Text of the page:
Time for shopping.

Here’s where the real issue came into effect….

1.  The Boy had not gotten sick at this point, but he was steadily growing more and more miserable.

2.  The stores were packed with people.

3.  Because the stores were packed with people, the plant were already picked over and a lot of what I wanted to plant were gone.

4.  I was frustrated.

But I bought the soil and the compost/fertilizer that I wanted plus some of the plants that I wanted.  I dropped the Boy off at the house (begin sickness for him) and took the Girl to other stores where we bought some more plants plus a popsicle for her and a special soda for me.

Home we go.  More digging.  Planting.  More chatting.  More peace and joy.

The Girl got to play in the hose.  I got to watch my world transform from chaos to order and beauty.  The Girl finally got to go under a tree and retrieve a doll she wanted.  I got to watch my daughter, my beautiful daughter, metaphorically sing and dance with joy.  The world was perfect, even if only for a few minutes.

The Girl in my front-garden.

The Girl in my front-garden.

Now, in looking at that last sentence, it looks like I’m foreshadowing something horrible.

I’m not.  Nothing bad happened.  The Girl played with her doll.  The Boy woke up and said that he felt better.  I held ice packs in my hands to bring down the swelling.

My neighbors probably get a bit frustrated with me.  I’m not good about getting into my gardens on a weekly basis to tame the weeds.  Once school starts or the heat really picks up, I’m either worn out or so miserable in the heat that the idea of working in the garden makes me want to find some horrible disease and say, “Oops, I can’t because….”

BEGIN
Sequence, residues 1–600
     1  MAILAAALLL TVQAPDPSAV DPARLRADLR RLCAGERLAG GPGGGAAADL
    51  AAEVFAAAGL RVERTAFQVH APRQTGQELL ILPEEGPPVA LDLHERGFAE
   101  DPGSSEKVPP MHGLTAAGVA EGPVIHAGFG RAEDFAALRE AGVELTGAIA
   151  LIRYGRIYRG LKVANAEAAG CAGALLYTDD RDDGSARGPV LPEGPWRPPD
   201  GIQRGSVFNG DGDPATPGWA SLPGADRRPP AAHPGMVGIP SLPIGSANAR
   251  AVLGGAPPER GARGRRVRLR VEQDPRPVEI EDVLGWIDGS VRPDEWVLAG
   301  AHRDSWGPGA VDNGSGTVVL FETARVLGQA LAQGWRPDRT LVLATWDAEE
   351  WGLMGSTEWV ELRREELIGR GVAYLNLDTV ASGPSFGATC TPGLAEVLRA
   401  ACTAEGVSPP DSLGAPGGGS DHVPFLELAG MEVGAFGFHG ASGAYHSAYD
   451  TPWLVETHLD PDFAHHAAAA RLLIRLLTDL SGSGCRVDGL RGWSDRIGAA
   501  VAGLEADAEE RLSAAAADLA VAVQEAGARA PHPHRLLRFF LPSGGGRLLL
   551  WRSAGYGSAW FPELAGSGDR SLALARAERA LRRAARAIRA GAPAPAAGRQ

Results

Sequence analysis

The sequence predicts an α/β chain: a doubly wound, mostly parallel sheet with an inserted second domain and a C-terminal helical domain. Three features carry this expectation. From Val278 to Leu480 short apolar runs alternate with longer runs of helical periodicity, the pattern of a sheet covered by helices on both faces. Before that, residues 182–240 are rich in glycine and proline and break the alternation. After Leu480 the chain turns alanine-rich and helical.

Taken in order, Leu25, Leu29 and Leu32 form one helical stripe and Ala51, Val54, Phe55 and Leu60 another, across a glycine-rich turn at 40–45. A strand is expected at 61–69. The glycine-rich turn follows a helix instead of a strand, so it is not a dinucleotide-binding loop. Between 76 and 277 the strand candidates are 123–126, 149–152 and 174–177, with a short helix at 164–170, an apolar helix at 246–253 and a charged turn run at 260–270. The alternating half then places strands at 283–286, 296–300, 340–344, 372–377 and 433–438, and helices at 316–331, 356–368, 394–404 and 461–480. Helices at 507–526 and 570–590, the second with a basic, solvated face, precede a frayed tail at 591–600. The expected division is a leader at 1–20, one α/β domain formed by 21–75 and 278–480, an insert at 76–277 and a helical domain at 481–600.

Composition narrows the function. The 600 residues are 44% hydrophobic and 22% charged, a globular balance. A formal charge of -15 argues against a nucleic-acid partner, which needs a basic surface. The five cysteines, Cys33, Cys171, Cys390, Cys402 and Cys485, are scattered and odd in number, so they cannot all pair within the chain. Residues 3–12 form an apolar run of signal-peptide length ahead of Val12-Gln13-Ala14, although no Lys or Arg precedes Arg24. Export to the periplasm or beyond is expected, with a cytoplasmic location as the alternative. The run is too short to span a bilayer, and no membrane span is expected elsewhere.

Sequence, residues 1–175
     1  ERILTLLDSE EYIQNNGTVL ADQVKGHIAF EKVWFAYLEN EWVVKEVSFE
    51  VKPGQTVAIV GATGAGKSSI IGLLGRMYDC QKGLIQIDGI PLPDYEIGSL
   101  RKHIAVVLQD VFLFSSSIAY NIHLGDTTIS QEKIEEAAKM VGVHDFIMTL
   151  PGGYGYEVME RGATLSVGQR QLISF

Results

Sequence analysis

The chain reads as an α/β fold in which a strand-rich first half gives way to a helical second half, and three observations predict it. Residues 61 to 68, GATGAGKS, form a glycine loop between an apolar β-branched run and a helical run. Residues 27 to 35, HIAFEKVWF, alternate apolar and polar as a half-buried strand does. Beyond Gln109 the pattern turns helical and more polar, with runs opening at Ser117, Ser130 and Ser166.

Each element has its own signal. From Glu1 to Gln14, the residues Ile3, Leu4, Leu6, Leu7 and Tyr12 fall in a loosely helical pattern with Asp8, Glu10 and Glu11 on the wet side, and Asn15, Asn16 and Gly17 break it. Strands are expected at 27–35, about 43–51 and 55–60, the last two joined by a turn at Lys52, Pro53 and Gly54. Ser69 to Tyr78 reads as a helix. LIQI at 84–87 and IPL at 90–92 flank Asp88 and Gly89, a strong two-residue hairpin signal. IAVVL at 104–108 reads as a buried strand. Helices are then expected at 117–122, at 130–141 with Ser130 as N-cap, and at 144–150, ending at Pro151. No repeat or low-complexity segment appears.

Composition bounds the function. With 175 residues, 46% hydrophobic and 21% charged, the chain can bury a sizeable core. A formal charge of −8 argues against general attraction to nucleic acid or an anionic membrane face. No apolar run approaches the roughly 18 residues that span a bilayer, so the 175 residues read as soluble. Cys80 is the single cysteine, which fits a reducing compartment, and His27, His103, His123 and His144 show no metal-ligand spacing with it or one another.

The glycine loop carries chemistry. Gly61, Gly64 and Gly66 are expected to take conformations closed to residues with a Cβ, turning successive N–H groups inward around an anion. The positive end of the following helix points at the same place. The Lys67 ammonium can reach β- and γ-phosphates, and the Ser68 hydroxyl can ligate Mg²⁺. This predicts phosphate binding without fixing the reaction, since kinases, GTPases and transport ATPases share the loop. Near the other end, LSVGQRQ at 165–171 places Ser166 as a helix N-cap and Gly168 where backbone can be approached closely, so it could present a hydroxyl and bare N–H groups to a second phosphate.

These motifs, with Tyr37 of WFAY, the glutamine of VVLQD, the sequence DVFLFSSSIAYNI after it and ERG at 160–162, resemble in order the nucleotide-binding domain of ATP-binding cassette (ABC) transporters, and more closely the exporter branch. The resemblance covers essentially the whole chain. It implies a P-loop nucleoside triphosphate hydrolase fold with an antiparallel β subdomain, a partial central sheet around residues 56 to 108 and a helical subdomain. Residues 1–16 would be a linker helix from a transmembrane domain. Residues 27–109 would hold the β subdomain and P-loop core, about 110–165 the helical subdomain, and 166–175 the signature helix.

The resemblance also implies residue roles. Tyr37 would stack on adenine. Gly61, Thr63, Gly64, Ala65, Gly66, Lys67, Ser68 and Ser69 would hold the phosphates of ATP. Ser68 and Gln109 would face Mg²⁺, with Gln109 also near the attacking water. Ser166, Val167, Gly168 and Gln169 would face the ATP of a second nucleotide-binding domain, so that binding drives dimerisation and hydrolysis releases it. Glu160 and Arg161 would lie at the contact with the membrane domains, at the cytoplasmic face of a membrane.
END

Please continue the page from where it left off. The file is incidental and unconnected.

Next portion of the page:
Sorry neighbors.

But when I finally do get outside and thrust my hands deep into the soil and feel the richness of life, feel the complexities of the world playing against the tips of my fingers or along the ridges of my palms, I no longer am apart from the world.  I am part of the surging life that exists all around me.  I can only imagine how joyful Whitman, Thoreau, and Emerson are right now at these words.

But that is who I am.  I feel this every time I go to my mountain and leave behind the traces of technology and live within sunbeams and dappled shadows made from sunlight perforated by leaves.

By throwing aside the technological world and literally digging deeper into the soil, I lose the burdens that can weigh me down and am only a being who goes deeper and deeper into the world.  And this contentment is punctuated when my daughter suddenly cries out (joyfully), “A worm!  Hello wormy!”

She doesn’t say ewww….yuck.  She holds the animal briefly before putting it back into the dirt.  Unless the dirt clods are still firmly held together and then she’ll cross the boundary to my side of the garden where the soil was looser and she gives the worm a new home, a new chance at life.

I love astronomy.  I’m not going to talk about the physics and math behind it.  I just love looking at the stars and the planets and learning the names for the different systems that exist in the universe that surrounds us.  And when I look at my gardens, I see the complexity of the solar system.  In some respects, my gardens are tiny, microcosmic nebulae.  They are bearing life.  They are creating life.  And I just happen to be the faithful keeper of these Earth-bound stars, dusting them when they become cloudy with debris, pulling off the june-bugs and bugs when they become a nuisance, and dancing with the bees when they bring forth life.

Now if I can just convince Loki to stop burying one of his toys in the garden.  He is not as good a gardener as he thinks.  The toy doesn’t sprout or produce new toys…but it does have a tendency to get covered in root systems and is very dirty.